May 31, 2019 20:45
in collaboration with Fondazione Teatro della Toscana
from De rerum natura by Lucretius
The nature of things, the scene as a stripping naked of the body
Every moment is tenuous, and the group of five dancers, intended as a single body, produces gestures in the space, not ritual gestures, but a continuous liberation of one gesture into another.
It opens with a simulacrum, not an image. It is detached from the dancer’s or man’s body, this image of the mind that has the capacity to shift perception of its own equilibrium: in effect, in nightmares as in reflected images, one can say that the gaze is not turned inwards, but annuls itself to allow space for something else and for the other; and the simulacrum guides us in the dance and in the three scenes.
Venus passes through three ages.
She is first an eleven-year-old, then a two-year-old baby, and finally an eighty-year-old woman. It is not a precise cycle, but a rebound in time; not a temporal inversion but the traces of memory in the adult body. In this sense, the structure has been determined by the posture of the body and how it is constructed in various stages of life.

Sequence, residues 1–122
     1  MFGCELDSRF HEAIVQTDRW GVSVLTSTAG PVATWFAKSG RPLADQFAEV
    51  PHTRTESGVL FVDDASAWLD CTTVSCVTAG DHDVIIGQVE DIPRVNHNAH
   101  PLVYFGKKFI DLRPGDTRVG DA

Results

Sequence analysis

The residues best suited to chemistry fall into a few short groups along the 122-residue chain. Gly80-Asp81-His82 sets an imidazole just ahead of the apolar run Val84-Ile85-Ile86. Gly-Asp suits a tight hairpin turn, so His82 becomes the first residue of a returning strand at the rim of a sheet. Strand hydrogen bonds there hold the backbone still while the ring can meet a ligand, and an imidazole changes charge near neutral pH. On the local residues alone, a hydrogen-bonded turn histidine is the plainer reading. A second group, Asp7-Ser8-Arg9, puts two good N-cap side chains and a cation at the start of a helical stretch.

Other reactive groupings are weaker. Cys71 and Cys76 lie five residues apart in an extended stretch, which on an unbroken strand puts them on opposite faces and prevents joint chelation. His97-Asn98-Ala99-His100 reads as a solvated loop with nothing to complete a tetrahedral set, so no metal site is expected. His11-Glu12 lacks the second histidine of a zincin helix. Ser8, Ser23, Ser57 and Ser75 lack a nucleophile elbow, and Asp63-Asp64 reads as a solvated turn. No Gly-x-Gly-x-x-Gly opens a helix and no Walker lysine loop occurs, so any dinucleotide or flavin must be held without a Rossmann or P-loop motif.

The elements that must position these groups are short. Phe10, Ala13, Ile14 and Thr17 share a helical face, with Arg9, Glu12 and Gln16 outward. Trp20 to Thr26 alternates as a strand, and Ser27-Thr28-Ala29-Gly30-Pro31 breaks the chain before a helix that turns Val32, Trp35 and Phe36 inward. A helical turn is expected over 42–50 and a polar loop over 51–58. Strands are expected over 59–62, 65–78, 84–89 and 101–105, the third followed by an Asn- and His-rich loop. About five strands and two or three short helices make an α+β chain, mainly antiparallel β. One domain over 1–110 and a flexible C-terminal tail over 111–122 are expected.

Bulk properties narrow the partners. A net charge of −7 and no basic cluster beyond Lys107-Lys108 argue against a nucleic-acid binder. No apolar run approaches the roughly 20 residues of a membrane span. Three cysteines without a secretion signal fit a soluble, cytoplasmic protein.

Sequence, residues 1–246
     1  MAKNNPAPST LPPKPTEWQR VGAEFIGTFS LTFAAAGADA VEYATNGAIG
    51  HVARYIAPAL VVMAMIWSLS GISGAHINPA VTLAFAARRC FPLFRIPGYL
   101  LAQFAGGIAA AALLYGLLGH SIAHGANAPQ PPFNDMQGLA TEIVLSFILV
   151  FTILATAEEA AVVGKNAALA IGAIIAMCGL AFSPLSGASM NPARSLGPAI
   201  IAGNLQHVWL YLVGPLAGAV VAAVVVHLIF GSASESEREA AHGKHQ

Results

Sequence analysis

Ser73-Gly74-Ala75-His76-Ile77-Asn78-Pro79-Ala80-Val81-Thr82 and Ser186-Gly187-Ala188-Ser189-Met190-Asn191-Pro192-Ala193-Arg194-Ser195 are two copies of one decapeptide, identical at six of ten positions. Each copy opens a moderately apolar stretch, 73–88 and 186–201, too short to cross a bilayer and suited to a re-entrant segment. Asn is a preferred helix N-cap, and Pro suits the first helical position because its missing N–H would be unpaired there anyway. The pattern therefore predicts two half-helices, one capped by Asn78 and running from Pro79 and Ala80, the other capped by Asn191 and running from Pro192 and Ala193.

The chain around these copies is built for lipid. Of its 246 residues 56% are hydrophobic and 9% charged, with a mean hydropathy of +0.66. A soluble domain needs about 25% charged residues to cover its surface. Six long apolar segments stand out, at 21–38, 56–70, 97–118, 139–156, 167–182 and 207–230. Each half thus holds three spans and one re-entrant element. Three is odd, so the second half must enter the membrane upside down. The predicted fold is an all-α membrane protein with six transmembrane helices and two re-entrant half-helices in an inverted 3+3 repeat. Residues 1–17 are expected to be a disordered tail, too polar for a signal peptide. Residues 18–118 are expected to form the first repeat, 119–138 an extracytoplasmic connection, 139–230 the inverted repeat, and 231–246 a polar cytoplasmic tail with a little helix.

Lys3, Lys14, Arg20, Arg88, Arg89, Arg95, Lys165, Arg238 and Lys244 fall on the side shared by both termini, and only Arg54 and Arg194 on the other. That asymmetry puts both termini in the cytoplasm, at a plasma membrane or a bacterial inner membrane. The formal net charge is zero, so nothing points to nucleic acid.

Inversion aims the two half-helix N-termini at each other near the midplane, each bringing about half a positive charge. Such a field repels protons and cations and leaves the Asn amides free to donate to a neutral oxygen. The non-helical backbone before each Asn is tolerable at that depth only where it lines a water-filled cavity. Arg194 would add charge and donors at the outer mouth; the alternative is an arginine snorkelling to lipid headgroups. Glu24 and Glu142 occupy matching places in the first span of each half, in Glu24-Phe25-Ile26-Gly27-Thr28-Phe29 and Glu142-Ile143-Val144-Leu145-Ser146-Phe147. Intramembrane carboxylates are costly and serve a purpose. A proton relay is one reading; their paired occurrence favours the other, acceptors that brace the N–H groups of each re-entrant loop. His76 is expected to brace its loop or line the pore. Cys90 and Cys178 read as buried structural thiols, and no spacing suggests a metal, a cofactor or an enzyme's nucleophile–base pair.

Venus is first suspended; then she comes down to earth, her bust erect and perfectly straight; and finally, in the third scene, looks us in the eyes from a void, belly to the ground. Venus is thus also descent, fall and decline, she is the gaze of each moment, ever more tenuous.
For twenty minutes, Venus never truly sets foot on the ground.
A source of enchantment and delight, suspended, lifted and moved by four men who guide her in her dynamic. Each time limiting herself to an unhurried advancement, one thinks of the inclinations of atoms in an uncertain moment when, during their vertical fall, they encounter an imprecise point lacking matter.
What I have in mind is not so much flight as a mechanism inserted into the score in which Venus’ body is clinamen, that tiny swerve and tendency of atoms that Lucretius noted. Streaming images define the body as momentary, a subtle membrane that incessantly tends to detach itself.